Prince Harry requested BBC documentary remove this 'misogynistic' phrase about Meghan from final edit

The BBC approved Harry's request to have the offensive term removed from their latest royal documentary, The Princes and the Press

Why The Princes and the Press documentary removed this word about Meghan from final edit
(Image credit: Photo by Karwai Tang/WireImage via Getty)

Prince Harry reportedly asked the BBC to remove a certain phrase from the second installment of its bombshell documentary series, The Princes and the Press. 


It's no secret that the BBC's latest royal documentary, The Princes and the Press, has rattled the Royal Family, and with its second installment (29 November) expected to spill even more details, we don't think the national broadcaster will be rebuilding its relationship with the British monarchy any time soon. 

It was reported that the Queen, Prince Charles, and Prince William were to file a complaint about the two-part series last week, after the BBC denied their request to view the program ahead of its airing. 

The documentary, which premiered its first episode last Monday (22 November), explores the British media coverage of Prince Harry’s ‘conflict’ with his older brother William, as well as his high-profile withdrawal from the Royal Family with the Duchess of Sussex. The hour-long show featured contributions from a range of journalists, royal correspondents, and investigators, as well as a fascinating interview with Meghan Markle's 'reputation' lawyer, Jenny Afia.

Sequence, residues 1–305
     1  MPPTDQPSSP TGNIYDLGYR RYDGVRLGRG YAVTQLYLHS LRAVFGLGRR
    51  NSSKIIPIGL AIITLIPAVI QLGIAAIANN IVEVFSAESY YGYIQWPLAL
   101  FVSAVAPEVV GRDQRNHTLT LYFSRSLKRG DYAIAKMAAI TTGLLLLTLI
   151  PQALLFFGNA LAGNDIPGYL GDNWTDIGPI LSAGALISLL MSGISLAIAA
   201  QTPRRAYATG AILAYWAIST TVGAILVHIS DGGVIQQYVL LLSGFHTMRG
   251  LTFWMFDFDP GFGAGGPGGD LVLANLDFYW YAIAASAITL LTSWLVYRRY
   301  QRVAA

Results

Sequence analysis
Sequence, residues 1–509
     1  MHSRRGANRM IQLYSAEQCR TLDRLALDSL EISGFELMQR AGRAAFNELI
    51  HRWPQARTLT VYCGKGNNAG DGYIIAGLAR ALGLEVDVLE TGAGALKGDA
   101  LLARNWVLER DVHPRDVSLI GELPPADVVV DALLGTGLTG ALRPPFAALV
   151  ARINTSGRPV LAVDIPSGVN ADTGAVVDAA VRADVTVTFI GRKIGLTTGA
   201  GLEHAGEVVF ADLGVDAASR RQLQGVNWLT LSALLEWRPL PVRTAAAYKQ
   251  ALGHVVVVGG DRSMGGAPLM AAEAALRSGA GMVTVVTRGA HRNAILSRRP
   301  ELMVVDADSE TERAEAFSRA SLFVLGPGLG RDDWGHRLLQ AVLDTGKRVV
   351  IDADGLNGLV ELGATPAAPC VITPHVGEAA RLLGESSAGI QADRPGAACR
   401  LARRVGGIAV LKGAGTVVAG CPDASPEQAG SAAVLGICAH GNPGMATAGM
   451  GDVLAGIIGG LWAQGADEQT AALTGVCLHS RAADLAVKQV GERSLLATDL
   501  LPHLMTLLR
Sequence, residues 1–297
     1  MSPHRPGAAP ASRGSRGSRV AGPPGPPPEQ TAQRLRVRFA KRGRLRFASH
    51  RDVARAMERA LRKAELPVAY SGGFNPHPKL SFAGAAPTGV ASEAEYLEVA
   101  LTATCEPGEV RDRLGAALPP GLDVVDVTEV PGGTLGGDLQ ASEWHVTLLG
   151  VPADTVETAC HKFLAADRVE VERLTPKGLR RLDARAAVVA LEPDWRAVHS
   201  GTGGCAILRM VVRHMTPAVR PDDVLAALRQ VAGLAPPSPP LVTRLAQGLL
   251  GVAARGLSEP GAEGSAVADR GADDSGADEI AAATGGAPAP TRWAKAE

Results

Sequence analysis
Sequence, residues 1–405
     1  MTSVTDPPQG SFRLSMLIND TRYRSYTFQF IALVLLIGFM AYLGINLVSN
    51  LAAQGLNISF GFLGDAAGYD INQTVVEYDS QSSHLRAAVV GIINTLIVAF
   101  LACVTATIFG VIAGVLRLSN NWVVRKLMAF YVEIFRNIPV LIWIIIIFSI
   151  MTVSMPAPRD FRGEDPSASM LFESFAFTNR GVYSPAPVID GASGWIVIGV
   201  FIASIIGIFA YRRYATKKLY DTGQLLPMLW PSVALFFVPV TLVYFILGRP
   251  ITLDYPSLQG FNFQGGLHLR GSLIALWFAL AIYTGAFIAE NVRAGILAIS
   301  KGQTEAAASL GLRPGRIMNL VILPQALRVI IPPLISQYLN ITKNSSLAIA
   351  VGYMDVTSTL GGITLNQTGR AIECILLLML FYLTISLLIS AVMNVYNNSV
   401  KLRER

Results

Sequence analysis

Prince William and Prince Harry's reconciliation

(Image credit: WPA Pool / Pool / Getty Images)

Fury over The Princes and the Press has reportedly prompted Prince William and Duchess Kate to ban BBC from their Christmas concert broadcast, with the musical special now expected to join ITV's festive December lineup. 

With last week's focusing on the differences between the Dukes and Duchesses of Cambridge and Sussex when it comes to fame, Part Two digs deep into Harry and Meghan's tumultuous journey from senior working royals to stateside celebrities over the past three years. It also promises to examine the couple's numerous legal cases against the British tabloids, as well as how Princess Diana's relationship with the media could have influenced her sons. 

Prince Harry and Meghan Markle attend a Creative Industries and Business Reception on October 02, 2019 in Johannesburg

(Image credit: Photo by Chris Jackson/Getty Images)

The controversial second part of The Princes and the Press is unlikely to be received well by Meghan and Harry, who were also denied permission to watch the episode beforehand. 

However, there is one editorial freedom the couple was granted in advance - the right to veto a problematic phrase from making the final cut. 

According to Express UK, the BBC has removed the term 'Megxit' from tonight's episode at the request of Prince Harry. The Duke of Sussex has previously condemned the word, which was widely circulated by the British press to describe his withdrawal from the Royal Family with Meghan Markle, as 'misogynistic' and 'created by a troll.' In its place, the term 'Sussexit' will be used when referring to the couple's high-profile emigration to the US in early 2020. 

The second episode of The Princes And The Press airs on BBC Two tonight at 9 pm.

Emma Dooney
Emma Dooney

Emma is a news writer for woman&home and My Imperfect Life. She covers the Royal Family and the entertainment world, as well as the occasional health or lifestyle story. When she's not reporting on the British monarchy and A-list celebs, you can find her whipping up vegan treats and running the roads to cheesy '90s pop music...but not at the same time, obviously.